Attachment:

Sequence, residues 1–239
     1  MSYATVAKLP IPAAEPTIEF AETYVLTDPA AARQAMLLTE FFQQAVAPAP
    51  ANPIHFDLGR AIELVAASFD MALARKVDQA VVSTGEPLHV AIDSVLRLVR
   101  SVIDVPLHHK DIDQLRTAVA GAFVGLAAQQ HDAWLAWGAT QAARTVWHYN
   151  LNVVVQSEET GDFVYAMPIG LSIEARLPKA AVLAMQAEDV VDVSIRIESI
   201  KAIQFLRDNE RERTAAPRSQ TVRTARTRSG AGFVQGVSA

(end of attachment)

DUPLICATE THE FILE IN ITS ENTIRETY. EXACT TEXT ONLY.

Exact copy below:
Sequence, residues 1–239
     1  MSYATVAKLP IPAAEPTIEF AETYVLTDPA AARQAMLLTE FFQQAVAPAP
    51  ANPIHFDLGR AIELVAASFD MALARKVDQA VVSTGEPLHV AIDSVLRLVR
   101  SVIDVPLHHK DIDQLRTAVA GAFVGLAAQQ HDAWLAWGAT QAARTVWHYN
   151  LNVVVQSEET GDFVYAMPIG LSIEARLPKA AVLAMQAEDV VDVSIRIESI
   201  KAIQFLRDNE RERTAAPRSQ TVRTARTRSG AGFVQGVSA